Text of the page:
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3. Create a Loan Amounts Table

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Transcript

In this video, you will create a table to calculate and compare monthly payments for different loan amounts.

You will use absolute and relative cell references to perform these calculations.

First, take a moment to think about how you want to simulate buying the car.

Maybe you are actually interested in buying a car soon, so you want to look in the price range that a student could afford.

Or, maybe you would like to pretend that you are a celebrity, with a much higher price range.

That is okay.

This activity is a simulation, so you can be anyone you like!

Type “Buying for” in another column.

In the cell beside it, type who is buying the car in your simulation.

Then, type “Price Range” and fill in an appropriate range.

For example, a high school student might be able to get a car loan for up to 15 thousand dollars.

A celebrity, on the other hand, might be able to get a loan for 50 to 100 thousand dollars.

This example is for a high school student, and the price range is one thousand to 15 thousand dollars.

Use whatever range is appropriate for the buyer you choose.

Type “Loan Amount” and “Monthly payment” in cells at the bottom of your summary table.

In the first column, type a value in your range for potential loans.

This example starts with one thousand dollars.

In the cells beneath, increase the loan amount in equal increments, like 50, 100, or 1000 dollars.

In this case, the loan amount increases by 500 dollars in each cell.

To repeat this pattern for the rest of your spreadsheet, highlight at least two cells.

Drag the cell handle down.

Now the loan amounts appear in the same increments without you having to type in every value.

Next, calculate the monthly payment for each loan amount.

To do this, use the PMT, or “periodic payment for an annuity investment,” function.

This function returns the amount you would pay for a loan based on the APR and loan term.

Beside your first loan amount, type “equals PMT.”

The autofill menu appears and gives you help text with a summary of the function and its parameters.

“Rate” is the first parameter, measured in months.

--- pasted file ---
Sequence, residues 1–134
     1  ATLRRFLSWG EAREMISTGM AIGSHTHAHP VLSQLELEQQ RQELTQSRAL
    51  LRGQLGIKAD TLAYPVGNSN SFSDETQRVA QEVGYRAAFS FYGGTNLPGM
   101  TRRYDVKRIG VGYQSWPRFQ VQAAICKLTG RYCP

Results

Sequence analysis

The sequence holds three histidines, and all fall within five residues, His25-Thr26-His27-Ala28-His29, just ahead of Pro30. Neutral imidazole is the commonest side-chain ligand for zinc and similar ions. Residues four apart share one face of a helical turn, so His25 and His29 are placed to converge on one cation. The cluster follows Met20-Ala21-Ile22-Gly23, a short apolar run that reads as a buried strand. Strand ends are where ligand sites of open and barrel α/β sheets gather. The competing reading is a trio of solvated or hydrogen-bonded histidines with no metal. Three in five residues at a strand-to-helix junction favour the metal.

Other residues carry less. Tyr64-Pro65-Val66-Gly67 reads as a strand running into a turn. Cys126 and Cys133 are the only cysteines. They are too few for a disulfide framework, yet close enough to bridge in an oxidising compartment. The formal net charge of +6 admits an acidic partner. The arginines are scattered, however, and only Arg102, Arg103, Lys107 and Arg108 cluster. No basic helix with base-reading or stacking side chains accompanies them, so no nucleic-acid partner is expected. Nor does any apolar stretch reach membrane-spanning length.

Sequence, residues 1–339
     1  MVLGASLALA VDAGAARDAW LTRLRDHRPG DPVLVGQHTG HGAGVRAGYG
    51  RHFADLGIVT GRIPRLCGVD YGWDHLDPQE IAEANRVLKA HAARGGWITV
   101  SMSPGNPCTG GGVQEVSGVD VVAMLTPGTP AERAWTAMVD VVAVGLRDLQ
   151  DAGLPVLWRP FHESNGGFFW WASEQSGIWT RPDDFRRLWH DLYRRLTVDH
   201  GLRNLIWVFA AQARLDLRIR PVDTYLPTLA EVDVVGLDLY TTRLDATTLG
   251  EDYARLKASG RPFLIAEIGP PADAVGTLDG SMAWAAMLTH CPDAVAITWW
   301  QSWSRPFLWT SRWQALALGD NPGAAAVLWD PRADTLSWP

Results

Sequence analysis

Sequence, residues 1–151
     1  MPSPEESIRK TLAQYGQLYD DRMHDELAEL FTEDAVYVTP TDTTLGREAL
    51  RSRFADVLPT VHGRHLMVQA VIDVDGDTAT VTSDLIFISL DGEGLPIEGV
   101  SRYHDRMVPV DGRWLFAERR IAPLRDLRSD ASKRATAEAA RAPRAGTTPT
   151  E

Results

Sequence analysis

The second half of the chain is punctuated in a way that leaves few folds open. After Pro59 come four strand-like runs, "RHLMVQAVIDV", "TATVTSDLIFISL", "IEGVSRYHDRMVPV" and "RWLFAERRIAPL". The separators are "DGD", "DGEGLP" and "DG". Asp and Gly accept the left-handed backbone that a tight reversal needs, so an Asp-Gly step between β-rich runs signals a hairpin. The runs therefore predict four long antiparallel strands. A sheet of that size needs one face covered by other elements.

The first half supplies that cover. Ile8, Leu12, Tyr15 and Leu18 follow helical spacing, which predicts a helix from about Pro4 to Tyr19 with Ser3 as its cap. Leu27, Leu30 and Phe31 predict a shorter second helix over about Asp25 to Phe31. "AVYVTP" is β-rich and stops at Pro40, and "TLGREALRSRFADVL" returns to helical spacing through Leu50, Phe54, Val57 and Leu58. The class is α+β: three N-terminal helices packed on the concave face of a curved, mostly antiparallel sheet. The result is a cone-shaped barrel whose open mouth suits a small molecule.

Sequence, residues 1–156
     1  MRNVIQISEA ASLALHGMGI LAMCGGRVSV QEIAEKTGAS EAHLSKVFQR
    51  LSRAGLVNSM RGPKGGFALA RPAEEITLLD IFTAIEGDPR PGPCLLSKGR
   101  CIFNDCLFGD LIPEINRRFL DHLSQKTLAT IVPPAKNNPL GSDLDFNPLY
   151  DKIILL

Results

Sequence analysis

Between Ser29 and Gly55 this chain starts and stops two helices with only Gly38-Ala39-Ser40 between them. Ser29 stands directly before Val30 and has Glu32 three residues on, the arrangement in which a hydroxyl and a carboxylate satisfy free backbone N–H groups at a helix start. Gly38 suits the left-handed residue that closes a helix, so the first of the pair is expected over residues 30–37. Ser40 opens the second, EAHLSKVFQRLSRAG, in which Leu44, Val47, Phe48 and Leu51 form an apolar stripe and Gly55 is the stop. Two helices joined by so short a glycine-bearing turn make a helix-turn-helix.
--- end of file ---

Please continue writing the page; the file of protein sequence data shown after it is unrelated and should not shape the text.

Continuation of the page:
Select the cell where you calculated the monthly APR.

Type a comma, then click the cell with the number of payments, or periods.

Type another comma, then select the cell with the loan amount.

Close the parentheses and press enter.

The monthly payment calculates in the cell.

Next, drag the cell handle down a few rows to copy the formula.

Uh oh!

Something isn’t right here.

The formula does not copy properly.

Go back to the cell you calculated and check the formula.

Everything is right: Monthly APR Number of payments And loan amount.

Check the formula for the next cell.

There’s the problem!

The cell references for number of payments and APR are relative, not absolute.

That means they change based on the relative position of rows and columns.

In this case, you do NOT want the monthly APR or the number or payments to change.

To fix this, create absolute cell references for the first and second parameters.

Click on the cell with the original function.

In the monthly APR parameter, enter a dollar sign before the column letter and before the row number.

Do the same in the second parameter, for rate.

These values do not change in your calculations.

The last parameter is loan amount.

This cell reference remains relative, because you want the value to change in the function based on the relative position of the loan amount.

Press enter to complete this function.

The calculated total remains the same as before.

Drag the formula to match the length of the loan amount column.

Now the functions calculate automatically and correctly.

Great!!

If functions or formulas return an error message, check for absolute and relative cell references.

Chances are you need to add an absolute reference.

Now, it’s your turn Add a target car buyer and estimated price range to your spreadsheet.

Create columns for “Loan Amount” and “Monthly Payment” to create a table below the frozen rows.

Enter a range of potential loans, increasing incrementally.

Calculate the monthly payment for each loan amount using the PMT function.

Change the monthly APR and loan term parameters to absolute instead of relative references.

Next, copy the function to the rest of your spreadsheet.

Then, move on to the next video to reformat your spreadsheet values.

Next
Instructions
  1. Add a target car buyer and estimated price range to your spreadsheet.
  2. Create columns for Loan Amount and Monthly Payment to create a table below the frozen rows.
  3. Enter a range of potential loans, increasing incrementally.
  4. Calculate the monthly payment for each loan amount using the PMT function.
  5. Change the monthly APR and loan term parameters to absolute instead of relative references.
  6. Copy the function to the rest of your spreadsheet.